Q Fever! Medical Humor & Satire

October 10, 2001 | Volume 2, Issue 8

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Severe Anxiety

Each issue, Q Fever! presents a challenging clinical conundrum to test readers' problem-solving skills and illustrate bread-and-butter medical principles. Good luck!

A.P. is a 35-year-old woman who presents to your office with severe anxiety of six months' duration.

She states her anxiety is worst in the morning, particularly on her way to work. Symptoms subside during the day, but recur in the evening on the way home.

The symptoms are described as "being trapped," "feeling out of control," and "feels like I'm suffocating." She has presented twice to New York Downtown Medical Center - both times brought by the concerned passengers in her carpool, and both times diagnosed with hyperventilation and anxiety.

Of note, she has no symptoms on weekends.

Previous medical and surgical history is unremarkable. She takes no medications, denies allergies, and does not smoke or drink. She works as a clothing sales representative on West Broadway.

On physical exam, the patient is in no apparent distress. Her mood and affect appear appropriate, and her demeanor is pleasant.

Temperature is 97.7F, pulse is 80, blood pressure is 120/70, and respirations are 12.

Head and neck, lung, heart, and abdominal exams are normal.

Screening laboratory studies show normal complete blood count, electrolyte panel, and thyroid studies.

You are stymied until you note that the patient commutes to work from East Hanover, NJ.

Quickly obtaining a map of the Tri-State area from your receptionist, your suspicions are confirmed by a careful examination of the patient's driving route:

What's going on?



Carpool Tunnel Syndrome


This woman, who presents with severe anxiety while traveling to and from work, has Carpool Tunnel Syndrome.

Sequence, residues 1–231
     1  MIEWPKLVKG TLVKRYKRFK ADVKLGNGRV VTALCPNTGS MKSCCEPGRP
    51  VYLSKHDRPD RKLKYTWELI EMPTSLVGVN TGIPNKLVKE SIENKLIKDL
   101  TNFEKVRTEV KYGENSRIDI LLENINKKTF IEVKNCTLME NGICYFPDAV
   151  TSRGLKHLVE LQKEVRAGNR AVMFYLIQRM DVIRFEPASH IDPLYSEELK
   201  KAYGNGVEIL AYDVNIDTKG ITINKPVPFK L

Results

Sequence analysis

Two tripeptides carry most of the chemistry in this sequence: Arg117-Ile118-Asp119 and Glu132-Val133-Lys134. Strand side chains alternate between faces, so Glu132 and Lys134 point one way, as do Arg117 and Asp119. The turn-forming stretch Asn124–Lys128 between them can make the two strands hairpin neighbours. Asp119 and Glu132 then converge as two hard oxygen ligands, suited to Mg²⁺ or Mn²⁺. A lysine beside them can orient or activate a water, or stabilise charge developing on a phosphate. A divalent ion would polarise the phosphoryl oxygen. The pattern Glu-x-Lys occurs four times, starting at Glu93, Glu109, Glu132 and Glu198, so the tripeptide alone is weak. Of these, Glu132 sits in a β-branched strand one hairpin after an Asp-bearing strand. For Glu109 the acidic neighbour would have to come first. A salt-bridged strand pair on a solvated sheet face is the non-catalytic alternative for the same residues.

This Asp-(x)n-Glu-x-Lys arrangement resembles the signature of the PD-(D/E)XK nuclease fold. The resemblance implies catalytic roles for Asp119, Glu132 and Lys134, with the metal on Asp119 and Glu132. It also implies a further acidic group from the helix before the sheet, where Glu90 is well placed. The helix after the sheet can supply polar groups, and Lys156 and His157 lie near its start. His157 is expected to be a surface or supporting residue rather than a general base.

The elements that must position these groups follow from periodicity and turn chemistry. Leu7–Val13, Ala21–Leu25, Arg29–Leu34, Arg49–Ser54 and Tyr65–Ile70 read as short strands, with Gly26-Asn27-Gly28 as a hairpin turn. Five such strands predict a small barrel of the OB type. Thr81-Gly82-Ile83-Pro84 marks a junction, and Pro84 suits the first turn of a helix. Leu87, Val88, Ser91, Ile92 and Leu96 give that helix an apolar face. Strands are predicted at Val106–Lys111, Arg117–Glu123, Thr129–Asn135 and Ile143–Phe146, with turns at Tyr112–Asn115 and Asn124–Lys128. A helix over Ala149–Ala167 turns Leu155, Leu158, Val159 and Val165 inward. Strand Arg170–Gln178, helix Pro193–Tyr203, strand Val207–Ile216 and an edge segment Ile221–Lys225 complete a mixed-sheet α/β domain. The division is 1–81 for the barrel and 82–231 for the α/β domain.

The presence of the Holland Tunnel on a map of the driving route of a patient who carpools to work is pathognomonic for the disorder.

Upon further questioning, the patient revealed that her anxiety was indeed at its height during the 1.5 mile stretch within the Holland Tunnel to and from work each day.

Experiencing sensations of claustrophobia and air hunger is not uncommon among people driving through lengthy subterranean tunnels - sensations which may be compounded when traveling with two or more strangers from a RideShare program.

The diagnosis can be further confirmed by meeting the patient's carpool passengers in person, making note of any odd and/or eccentric behavioral anomalies which may be misconstrued as threatening or antisocial.

Treatment is straightforward and involves building a new above-ground roadway traversing the Hudson River wide enough to accomodate a large number passengers traveling singly, thereby eliminating the need for carpools. The addition of ample parking space in the city itself for the enormous influx of automobiles which would then ensue is also desirable.

Alternatively, the patient can simply find a job in Hoboken; either method is safe, cost-effective and covered by most insurance plans.

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